Glee Season 5 Review “Bash”

Glee Season 5 Episode 15 Bash (3)

I was a little worried about this week’s Glee, ‘Bash’, with previous attempts at crafting meaningful hours coming off more often awkward and maudlin than not but, despite the episode title, the marketing and the anticipation of viewers built up beforehand, ‘Bash’ largely, thankfully, resisted the urge to overdo things. This episode wasn’t about what happened to Kurt, or how Blaine and his friends reacted to it. It was about the shattering of their image of adult life – supposedly better and more secure after the relentless tyranny of high school – and the ongoing problems that seem to follow us wherever we go.

That’s why I respect and admire Glee for not going over the top with Kurt’s storyline this week, even if its relegation to the final 15-minutes of the episode might draw criticisms from other corners. Along with Mercedes’ own grown-up (yet still so juvenile) dating problems and Rachel’s big decision about NYADA, Kurt’s assault fit into the bigger theme of the episode and, I suspect, the rest of the season. After the muddled first half, permeated by great episodes like ‘The Quarterback’ and ‘Movin’ Out’, we’re now dealing with the real world, and what happens to those idealist, naive kids once they realize what that really means.

Of the three storylines, Sam and Mercedes’ was the least successful and, while I might not be as steadfastly against the pairing as some Glee fans seem to be, the show’s tendency to rush couples together has struck again. It’s not as bad as Sam and Brittany in this regard but, as Mercedes read out the list of girls Sam has dated, it’s just a cruel reminder of how fickle these writers are. Even if the way they found their way back to each other wasn’t the best, and the subsequent conversation about race was as heavy-handed as possible, it was all worth it to get to the songs. Welcome back Mercedes, we really missed that gorgeous voice of yours.

Though it might get buried under the impression Kurt leaves on the episode, this was also a vital episode for Rachel. All the warnings that Funny Girl might not lead to the big things she’s hoping for her future, and the obviously pig-headed decision to quit NYADA so she has more time for the show, suggest that she’s gearing up for a big fall from grace. This is totally necessary if we are to like Rachel again before the final curtain falls next year, but those conversations with both Tibideaux and Kurt were very well done, leaving enough room for us to both agree with her decision and roll our eyes at Rachel just being Rachel.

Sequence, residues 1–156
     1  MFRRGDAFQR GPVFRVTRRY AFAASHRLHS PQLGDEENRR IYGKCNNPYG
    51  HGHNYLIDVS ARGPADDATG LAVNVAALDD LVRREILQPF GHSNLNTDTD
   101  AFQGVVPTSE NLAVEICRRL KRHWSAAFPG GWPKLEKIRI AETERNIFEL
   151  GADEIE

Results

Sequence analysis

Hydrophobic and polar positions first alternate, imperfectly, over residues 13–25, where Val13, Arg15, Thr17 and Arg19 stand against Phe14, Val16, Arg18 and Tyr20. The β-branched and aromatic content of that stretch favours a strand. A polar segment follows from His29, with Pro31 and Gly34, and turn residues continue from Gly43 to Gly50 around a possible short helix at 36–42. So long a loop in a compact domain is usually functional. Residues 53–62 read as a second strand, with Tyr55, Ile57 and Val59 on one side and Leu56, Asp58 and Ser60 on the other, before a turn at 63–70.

The rise in these kinds of hate crimes in New York was the story Glee was born and bred to tell and, though it felt slightly off-beat when initially hearing about the episode, the truth is that we’d have all thought a little less of it had it just ignored the problem. Unlike episodes from earlier seasons that attempted to deal with big issues like this, ‘Bash’ felt like it was a justified hour in a show currently exploring what it might look like when transported to a different, more mature world, and this was the most effective way to make a statement to that effect.

Burt’s brief but effective appearance cemented it – this isn’t like what happened with Karofsky in high school, when Kurt had Blaine, Finn and the entire football team to back him up. This is life and, as he assured his father, he’s been fighting against the same bullies his whole life. Credit to Glee, it used this significant, loaded storyline to not just say something about a particular issue, but also to say something about its own characters. That shows growth and, while it was never going to be perfect, ‘Bash’ demonstrated once again that this new and improved Glee means serious business.

What did you think of the episode? How long before Rachel regrets her decision to quit college? Let us know your thoughts in the comments below.